Michael Douma

Michael J. Douma is the managing director of the Georgetown Institute for the Study of Markets and Ethics. He received a Ph.D. in history from Florida State University in 2011 and was a Fulbright Scholar in the Netherlands. He is interested in interdisciplinary work, including the history of political economy and the philosophy of history. Most of his publications concern 19th century American history and the history of the Dutch around the world. His work has been published in the American Studies, Calvin Theological Journal, Civil War History, New York Times, and the South African Historical Journal, among others. His next book, Creative Historical Thinking, is forthcoming with Routledge.

As managing director for GISME, Michael is responsible for organizing and managing all of the institute's events.  He is personally responsible for designing and running the Seminar on Ethics Across the Curriculum and the Symposium on Markets and Catholic Social Thought. 

Personal website

Published Works


Michael J. Douma, The Liberal Approach to the Past (Cato, 2020). 

Michael J. Douma, The Colonization of Freed African Americans in Suriname (Leiden University Press, 2019)

Michael J. Douma, Creative Historical Thinking (Routledge, 2018). 

Michael J. Douma and Phillip W. Magness, eds. What Is Classical Liberal History? (Lexington Press, 2018).

Michael J. Douma, How Dutch Americans stayed Dutch: An Historical Perspective on Ethnic Change  (Amsterdam, the Netherlands: University of Amsterdam Press, 2014). 

Michael J. Douma, Veneklasen Brick: A Family, an Industry, and a Unique Nineteenth Century Dutch Architectural Movement in Michigan (Grand Rapids, MI: Eerdmans, 2004). 



"Two Early Dutch Translations of the U.S. Constitution: Public Meaning in a Transnational Context" Law and History Review 37:3 (July 2019) special issue on "Legal History and Originalism; Rethinking the Special Relationship."


[with Anders Bo Ramussen and Robert O. Faith] "The Impressment of Foreign-born Soldiers in the Union Army" Journal of American Ethnic History.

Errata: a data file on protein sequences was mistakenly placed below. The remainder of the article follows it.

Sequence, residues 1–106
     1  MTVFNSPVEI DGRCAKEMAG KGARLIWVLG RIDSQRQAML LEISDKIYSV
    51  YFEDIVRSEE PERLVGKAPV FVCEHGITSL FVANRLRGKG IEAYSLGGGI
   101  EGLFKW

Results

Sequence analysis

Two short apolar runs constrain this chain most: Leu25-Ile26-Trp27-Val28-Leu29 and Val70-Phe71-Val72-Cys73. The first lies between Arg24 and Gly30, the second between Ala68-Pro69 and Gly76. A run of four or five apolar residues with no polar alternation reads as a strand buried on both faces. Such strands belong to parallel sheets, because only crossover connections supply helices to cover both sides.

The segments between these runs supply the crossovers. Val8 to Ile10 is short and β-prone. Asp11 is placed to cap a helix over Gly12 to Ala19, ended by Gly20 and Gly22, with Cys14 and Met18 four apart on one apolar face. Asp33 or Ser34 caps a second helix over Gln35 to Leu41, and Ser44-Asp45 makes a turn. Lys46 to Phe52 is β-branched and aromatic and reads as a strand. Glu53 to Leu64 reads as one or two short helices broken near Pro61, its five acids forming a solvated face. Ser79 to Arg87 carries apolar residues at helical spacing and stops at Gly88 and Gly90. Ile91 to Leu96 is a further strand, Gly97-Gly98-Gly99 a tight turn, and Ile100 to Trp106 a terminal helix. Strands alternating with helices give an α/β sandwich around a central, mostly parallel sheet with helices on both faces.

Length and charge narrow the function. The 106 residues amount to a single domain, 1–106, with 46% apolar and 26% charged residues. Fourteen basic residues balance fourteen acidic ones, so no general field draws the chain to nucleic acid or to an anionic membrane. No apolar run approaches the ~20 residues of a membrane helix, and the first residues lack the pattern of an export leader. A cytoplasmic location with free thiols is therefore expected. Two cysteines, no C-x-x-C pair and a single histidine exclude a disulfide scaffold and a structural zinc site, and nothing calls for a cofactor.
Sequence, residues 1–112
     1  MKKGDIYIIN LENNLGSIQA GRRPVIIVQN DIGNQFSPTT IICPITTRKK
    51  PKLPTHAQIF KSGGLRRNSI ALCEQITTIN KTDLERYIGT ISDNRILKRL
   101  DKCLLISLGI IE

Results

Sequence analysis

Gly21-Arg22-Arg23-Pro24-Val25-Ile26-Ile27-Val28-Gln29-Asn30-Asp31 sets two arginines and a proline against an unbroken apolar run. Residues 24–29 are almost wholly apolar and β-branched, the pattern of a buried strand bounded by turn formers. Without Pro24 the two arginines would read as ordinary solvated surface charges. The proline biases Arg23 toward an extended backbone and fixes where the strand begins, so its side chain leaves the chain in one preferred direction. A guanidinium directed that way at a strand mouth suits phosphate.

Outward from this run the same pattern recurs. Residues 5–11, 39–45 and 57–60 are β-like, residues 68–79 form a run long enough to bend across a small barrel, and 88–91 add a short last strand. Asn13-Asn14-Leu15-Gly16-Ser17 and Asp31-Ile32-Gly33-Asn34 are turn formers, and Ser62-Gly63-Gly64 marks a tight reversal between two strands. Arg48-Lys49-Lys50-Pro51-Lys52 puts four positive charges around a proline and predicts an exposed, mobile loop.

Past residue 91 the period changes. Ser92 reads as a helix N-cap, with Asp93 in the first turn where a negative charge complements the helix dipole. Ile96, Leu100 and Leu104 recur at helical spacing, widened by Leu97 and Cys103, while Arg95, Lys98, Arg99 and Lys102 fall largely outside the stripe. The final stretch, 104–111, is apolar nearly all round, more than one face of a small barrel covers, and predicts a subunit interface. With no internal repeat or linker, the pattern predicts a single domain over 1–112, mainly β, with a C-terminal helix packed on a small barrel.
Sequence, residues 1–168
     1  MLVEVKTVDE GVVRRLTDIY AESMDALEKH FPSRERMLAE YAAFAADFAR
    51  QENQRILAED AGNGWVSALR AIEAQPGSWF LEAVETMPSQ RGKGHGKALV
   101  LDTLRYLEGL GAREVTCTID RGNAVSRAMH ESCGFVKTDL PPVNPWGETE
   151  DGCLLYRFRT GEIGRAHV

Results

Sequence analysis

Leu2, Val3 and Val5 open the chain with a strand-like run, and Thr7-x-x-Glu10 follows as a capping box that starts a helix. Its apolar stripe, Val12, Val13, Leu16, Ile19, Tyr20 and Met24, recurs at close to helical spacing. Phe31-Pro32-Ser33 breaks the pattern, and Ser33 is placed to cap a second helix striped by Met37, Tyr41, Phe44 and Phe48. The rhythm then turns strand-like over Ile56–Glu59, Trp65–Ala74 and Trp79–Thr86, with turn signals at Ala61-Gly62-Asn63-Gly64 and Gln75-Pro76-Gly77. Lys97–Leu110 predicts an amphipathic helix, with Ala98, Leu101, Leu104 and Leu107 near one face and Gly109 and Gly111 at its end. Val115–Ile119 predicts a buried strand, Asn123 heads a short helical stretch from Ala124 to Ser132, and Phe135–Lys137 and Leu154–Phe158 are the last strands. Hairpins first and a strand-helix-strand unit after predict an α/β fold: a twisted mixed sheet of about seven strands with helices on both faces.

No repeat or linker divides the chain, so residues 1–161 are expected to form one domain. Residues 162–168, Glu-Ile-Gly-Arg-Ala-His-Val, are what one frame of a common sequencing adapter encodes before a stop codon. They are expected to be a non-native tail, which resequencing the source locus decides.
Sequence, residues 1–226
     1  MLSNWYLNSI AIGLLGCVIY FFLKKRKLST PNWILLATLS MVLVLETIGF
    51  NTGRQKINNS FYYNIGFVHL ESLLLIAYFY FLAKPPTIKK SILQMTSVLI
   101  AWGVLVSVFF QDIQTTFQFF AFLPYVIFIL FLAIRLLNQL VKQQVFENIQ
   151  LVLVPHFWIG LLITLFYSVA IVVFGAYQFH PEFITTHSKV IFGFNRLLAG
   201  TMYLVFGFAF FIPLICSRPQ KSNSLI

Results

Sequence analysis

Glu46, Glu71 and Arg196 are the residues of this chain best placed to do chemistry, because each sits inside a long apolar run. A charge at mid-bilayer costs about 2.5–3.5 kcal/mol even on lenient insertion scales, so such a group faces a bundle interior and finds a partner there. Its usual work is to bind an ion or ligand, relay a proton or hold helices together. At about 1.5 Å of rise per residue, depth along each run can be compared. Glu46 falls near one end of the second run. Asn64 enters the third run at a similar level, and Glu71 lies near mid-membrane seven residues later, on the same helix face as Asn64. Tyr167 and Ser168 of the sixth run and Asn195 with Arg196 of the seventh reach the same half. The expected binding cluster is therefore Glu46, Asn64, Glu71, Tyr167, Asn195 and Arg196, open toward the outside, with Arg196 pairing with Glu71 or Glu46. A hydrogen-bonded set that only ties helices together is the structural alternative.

"Why Historians have Failed to Recognize Mises’s Theory and History,”" Review of Austrian Economics 30:2 (2018), 1-14. 


"How the First Ten Amendments became the Bill of Rights," Georgetown Journal of Law and Public Policy 15:2. 

"A Dutch Confederate: Charles Liernur Defends Slavery in America," BMGN: Low Countries Historical Review 132-2 (2017), 27-50. 

"McCloskey and the Dutch: Capitalist Rhetoric and the Economic History of Holland," Journal of Private Enterprise 32.4 (2017), 49-57.


"Founding-Era Translations of the United States Constitution," Constitutional Commentary 31.1 (2016), 1-53. (with Christina Mulligan, Hans Lind, and Brian Patrick Quinn)


"The Lincoln Administration's Negotiations to Colonize African Americans in Dutch Suriname," Civil War History  61.2: 111-137.

"Sorting the Past: The Social Function of Antique Stores as Centers for the Production of Local History,"  International Journal of Regional and Local History 10.2: 101-119.


[with Anders Bo Rasmussen] "The Danish St. Croix Project: Revisiting the Lincoln Colonization Program with Foreign-Language Sources," American Nineteenth Century History 15.3: 311-342.

“Tulip Time and the Invention of a New Dutch American Identity,” American Studies 53.1: 149-167.

"Rediscovering Van Raalte's Church History: Historical Consciousness at the Birth of Dutch American Religion," Calvin Theological Journal 49.1: 5-24.